That’s up 2.5% from where we are now and do you know what happens to mortgage payments when they go from the current 3.5% average to 6%? Again, we only have to remember what happened in 2007/8 but, for example, a person buying a $250,000 house with a $200,000 mortgage pays $898/month at 3.5% but will pay $1,199/month at 6%. That’s $300/month more, which is 33% and people don’t buy houses, they buy mortgages so it’s going to be up to the homeowners to bring the price of the home down low enough for people to be able to afford the mortgage.
Also not included in Case-Shiller data is the insane increase in property taxes over the past decade with US states averaging 25% increases since 2009 adding an even larger burden to homebuyers. Since property taxes are generally determined against the property values, the rising prices of homes are a double hit on the homeowners – pair that with rising rates and that’s exactly how you burst a bubble.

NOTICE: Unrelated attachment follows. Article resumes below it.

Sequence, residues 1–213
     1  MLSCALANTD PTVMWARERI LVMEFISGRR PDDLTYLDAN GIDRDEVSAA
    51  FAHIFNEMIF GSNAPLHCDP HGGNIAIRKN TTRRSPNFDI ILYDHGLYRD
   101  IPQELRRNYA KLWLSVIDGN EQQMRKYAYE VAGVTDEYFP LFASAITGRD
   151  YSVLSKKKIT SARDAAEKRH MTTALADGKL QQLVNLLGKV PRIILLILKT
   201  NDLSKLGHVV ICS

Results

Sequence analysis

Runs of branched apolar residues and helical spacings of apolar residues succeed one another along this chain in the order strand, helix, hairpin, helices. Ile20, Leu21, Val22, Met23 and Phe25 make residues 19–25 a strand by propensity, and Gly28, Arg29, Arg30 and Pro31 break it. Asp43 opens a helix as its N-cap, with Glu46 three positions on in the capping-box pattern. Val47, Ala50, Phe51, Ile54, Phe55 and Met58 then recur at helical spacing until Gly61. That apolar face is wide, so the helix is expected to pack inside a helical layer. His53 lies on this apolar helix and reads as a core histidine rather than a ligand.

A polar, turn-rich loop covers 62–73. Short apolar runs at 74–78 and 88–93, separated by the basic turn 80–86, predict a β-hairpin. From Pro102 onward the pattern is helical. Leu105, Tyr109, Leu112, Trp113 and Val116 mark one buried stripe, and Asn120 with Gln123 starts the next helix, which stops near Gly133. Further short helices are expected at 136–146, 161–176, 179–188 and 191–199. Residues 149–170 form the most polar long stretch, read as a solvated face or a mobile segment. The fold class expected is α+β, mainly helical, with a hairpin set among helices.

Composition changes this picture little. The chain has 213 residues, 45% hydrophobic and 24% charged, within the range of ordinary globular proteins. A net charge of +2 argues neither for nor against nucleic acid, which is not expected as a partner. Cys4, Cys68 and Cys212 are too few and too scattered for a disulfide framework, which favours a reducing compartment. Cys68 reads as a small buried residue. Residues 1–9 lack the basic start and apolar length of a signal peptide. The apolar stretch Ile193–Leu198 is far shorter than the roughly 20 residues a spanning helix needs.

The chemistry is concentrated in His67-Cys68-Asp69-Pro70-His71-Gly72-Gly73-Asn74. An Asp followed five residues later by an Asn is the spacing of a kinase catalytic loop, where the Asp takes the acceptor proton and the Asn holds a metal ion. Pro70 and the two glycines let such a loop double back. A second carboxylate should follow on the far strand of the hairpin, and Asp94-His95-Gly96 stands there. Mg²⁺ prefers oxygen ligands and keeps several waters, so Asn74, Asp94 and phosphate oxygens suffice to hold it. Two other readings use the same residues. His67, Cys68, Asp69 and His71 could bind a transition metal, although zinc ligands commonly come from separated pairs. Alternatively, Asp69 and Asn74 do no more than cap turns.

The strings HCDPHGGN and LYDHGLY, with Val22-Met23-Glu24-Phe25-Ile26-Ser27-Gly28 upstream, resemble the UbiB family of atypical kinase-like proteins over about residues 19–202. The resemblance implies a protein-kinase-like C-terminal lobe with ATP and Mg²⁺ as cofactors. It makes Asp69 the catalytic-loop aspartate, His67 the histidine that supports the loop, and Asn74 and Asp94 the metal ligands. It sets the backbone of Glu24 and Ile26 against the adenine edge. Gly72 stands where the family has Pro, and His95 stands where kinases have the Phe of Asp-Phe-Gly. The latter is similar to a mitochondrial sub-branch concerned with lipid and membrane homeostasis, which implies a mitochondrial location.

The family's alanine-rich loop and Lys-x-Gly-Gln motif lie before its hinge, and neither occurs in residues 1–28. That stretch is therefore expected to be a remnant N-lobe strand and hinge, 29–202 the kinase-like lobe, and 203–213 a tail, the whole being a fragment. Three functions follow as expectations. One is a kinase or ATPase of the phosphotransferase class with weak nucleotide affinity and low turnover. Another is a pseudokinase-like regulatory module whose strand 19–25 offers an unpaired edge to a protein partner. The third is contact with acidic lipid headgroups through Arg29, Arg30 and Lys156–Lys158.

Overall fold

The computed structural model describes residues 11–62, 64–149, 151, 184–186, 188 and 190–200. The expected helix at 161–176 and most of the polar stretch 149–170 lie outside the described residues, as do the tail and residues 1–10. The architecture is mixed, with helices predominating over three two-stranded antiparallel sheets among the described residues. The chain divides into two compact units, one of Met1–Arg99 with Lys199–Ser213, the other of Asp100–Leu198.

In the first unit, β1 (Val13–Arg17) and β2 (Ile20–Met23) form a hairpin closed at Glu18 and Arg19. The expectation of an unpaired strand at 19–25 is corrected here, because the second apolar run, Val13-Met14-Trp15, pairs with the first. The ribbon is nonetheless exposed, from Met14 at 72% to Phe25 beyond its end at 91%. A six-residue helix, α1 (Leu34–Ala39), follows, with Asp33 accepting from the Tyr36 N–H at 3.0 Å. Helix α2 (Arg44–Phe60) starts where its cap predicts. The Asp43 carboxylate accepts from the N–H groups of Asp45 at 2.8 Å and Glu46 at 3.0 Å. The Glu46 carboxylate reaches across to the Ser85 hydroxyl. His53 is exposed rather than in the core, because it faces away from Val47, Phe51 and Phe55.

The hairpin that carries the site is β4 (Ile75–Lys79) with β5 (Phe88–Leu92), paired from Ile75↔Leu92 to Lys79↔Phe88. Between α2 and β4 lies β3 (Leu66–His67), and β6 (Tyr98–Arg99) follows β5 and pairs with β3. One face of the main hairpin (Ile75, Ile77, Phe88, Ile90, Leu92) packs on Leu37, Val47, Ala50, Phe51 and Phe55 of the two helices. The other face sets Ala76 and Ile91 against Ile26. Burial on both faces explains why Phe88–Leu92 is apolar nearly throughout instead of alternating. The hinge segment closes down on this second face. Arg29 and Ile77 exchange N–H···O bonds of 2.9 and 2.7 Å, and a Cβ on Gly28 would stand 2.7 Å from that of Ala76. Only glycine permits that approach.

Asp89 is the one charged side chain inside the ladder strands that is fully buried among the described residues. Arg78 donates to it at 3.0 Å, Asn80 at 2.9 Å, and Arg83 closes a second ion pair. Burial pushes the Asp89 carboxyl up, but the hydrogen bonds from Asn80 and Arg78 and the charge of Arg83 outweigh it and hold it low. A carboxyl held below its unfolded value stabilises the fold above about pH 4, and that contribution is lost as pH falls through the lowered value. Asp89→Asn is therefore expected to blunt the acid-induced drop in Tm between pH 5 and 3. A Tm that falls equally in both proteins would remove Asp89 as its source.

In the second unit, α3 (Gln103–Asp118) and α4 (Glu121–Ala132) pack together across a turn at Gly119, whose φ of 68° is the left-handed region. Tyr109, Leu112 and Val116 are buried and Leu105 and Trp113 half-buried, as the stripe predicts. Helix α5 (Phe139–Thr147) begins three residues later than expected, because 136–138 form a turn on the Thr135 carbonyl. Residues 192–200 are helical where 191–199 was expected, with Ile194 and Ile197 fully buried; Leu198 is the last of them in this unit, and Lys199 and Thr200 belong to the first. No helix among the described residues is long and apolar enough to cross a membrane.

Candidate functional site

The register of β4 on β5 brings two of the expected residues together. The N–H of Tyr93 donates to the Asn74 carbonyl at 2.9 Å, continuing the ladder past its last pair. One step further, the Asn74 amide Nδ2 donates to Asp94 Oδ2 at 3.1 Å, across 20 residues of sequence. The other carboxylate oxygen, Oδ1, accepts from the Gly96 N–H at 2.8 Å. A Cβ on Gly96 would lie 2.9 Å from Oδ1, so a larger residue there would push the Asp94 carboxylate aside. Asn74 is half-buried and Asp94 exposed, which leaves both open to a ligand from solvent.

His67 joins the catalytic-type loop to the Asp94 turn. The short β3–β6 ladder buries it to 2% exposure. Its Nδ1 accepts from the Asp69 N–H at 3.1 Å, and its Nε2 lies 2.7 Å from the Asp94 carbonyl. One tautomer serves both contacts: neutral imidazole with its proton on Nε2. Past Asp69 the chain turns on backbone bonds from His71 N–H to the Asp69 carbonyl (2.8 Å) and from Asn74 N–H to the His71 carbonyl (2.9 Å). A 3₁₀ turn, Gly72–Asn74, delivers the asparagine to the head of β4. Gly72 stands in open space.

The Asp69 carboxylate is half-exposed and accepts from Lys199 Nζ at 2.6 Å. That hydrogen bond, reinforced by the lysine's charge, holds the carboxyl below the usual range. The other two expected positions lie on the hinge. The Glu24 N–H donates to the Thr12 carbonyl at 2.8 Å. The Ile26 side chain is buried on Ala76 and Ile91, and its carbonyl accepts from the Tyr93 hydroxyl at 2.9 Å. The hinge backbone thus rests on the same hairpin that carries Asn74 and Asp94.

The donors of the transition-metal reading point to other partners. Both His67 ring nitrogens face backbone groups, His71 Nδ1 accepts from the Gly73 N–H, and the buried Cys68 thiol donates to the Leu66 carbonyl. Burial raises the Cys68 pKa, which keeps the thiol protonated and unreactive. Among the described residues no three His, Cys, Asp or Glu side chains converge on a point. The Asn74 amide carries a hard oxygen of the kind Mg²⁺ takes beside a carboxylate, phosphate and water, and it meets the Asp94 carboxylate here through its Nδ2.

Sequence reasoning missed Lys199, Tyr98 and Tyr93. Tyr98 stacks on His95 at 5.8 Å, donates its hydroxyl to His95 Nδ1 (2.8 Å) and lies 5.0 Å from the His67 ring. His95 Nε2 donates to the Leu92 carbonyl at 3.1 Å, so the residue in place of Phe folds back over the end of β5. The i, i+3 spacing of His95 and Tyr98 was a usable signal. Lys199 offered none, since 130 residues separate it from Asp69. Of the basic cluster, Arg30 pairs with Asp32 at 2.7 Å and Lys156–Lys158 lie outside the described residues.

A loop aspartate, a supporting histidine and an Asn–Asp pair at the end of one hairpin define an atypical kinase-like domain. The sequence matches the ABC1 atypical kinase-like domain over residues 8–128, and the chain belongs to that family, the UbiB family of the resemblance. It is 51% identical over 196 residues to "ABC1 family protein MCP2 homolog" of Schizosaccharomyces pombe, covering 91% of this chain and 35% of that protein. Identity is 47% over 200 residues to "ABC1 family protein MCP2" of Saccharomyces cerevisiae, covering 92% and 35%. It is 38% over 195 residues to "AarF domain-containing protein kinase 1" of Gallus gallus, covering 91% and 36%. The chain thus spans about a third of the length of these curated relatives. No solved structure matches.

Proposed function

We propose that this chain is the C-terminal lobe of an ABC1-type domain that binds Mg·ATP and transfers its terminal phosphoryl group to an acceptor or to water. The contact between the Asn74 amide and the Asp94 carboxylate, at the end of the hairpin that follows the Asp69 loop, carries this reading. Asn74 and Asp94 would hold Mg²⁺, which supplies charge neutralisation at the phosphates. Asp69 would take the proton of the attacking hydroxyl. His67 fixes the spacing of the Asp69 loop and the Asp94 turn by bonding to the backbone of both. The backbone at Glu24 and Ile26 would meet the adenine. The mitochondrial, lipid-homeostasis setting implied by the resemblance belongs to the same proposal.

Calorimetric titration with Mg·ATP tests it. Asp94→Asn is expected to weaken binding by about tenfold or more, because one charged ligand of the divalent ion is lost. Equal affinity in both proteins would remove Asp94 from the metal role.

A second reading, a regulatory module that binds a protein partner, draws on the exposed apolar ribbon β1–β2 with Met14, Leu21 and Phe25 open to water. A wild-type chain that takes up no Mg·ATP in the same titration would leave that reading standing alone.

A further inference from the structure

Yet the markets seem oblivious to the flashing DANGER sign dead ahead in the road – just as investors are oblivious to the very obviously overbought conditions of the markets in general – just as we were generally oblivious in 2007.
One of the big warning signs we got in 2007 was a slowdown in China and, this morning, China’s PMI fell to 49.6 (contracting) from 50.3 last month. That’s the lowest reading since June of 2016 and Output fell to 50.2 from 51 – indicating orders are slowing down along with manufacturing. Of course, in June 2016, China was on the way up from the downturn of 2015, which led to the crash of the Chinese market from 28,600 on the Hang Seng in May (what a coincidence!) of 2015 to 18,200 in Feb of 2016 (down 36%) while the Shanghai fell from 716 to 355 (down 50%) and, even now, it’s only at 420 – never regaining it’s old glory.